There’s always that one salesperson or HR employee that goes rogue with linen background stationary and inspirational quotes in every email signature. While that may be their personal style, it doesn’t have a place in the company communication.
Regularly review brand assets
In addition to email signatures, ‘brand police’ should also review brand assets like the website, collateral, signage, uniforms, and trade show collateral and displays for consistency. It’s easy for items to get out of date as the brand style is refreshed. Trade show booths can be costly to produce, so they may be the last item to get updated. However, the more consistent the brand is, it will leave a long-lasting impression on customers and prospects.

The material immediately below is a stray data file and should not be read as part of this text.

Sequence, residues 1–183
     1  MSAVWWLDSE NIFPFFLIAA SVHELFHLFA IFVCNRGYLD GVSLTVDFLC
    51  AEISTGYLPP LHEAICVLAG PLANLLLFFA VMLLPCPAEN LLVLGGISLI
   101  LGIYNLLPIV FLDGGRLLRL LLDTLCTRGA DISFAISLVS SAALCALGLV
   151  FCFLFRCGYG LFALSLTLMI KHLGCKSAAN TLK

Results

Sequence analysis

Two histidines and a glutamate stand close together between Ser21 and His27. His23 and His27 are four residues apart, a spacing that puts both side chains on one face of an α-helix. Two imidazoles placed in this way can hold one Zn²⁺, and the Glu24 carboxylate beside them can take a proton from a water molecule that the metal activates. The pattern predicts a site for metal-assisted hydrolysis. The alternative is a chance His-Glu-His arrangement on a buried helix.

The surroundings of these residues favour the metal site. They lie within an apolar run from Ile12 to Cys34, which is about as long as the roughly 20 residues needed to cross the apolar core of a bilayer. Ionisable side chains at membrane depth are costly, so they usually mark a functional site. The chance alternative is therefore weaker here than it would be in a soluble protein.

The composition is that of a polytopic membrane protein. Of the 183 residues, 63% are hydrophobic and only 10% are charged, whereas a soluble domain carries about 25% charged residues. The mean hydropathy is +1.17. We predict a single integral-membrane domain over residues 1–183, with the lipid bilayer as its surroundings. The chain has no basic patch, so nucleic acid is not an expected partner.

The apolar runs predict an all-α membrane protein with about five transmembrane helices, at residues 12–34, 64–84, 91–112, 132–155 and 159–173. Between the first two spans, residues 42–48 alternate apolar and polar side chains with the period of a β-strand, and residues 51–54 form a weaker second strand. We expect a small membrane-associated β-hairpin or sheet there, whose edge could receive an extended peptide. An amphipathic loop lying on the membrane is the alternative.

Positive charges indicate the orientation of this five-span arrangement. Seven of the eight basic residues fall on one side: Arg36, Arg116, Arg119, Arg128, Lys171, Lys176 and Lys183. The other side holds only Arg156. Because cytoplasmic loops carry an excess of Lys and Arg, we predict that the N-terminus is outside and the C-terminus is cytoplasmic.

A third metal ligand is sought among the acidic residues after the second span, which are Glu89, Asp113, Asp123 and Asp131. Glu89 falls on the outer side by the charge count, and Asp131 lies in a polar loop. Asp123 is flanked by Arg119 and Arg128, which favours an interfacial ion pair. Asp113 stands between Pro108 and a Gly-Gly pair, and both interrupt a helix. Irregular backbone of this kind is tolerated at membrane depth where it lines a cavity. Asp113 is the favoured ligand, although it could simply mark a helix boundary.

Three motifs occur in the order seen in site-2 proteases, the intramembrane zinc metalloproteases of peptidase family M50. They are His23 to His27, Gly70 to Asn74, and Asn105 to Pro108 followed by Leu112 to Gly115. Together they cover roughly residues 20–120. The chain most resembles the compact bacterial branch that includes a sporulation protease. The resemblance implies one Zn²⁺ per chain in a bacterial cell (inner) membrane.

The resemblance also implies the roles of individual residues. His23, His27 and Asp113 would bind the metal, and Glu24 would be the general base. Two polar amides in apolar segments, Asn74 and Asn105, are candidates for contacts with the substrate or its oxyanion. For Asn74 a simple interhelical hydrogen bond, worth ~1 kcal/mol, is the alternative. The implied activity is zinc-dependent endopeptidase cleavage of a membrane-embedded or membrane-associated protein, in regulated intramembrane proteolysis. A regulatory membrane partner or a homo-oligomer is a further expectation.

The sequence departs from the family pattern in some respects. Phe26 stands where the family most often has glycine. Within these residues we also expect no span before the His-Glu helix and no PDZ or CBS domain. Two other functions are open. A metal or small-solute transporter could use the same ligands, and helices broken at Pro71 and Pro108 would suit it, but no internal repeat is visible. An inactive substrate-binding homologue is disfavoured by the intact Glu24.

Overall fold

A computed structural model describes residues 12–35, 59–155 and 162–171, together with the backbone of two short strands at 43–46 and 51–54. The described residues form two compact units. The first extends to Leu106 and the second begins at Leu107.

Communicate with customers
Consistency in communication is just as important as it is for the visual brand. Stay top of mind with regularly scheduled or automated emails. Send birthday emails or tips to improve their business or life. Ask how customers are doing and if there’s anything the company can do to improve with surveys. Remind them about new services or products but don’t sell in every email.
In addition to email, maintaining a consistent social media presence helps communicate with customers. Create a monthly calendar of content that’s easy to duplicate and update.
Like email, social media should not feel like it’s trying to sell something on each time. Consumers use social media to gauge brand personality and culture and will tune out if they’re always being sold. Add value and personality 80% of the time by posting company updates, tips and advice, testimonials, and employee spotlights. Promote the business just 20% of the time.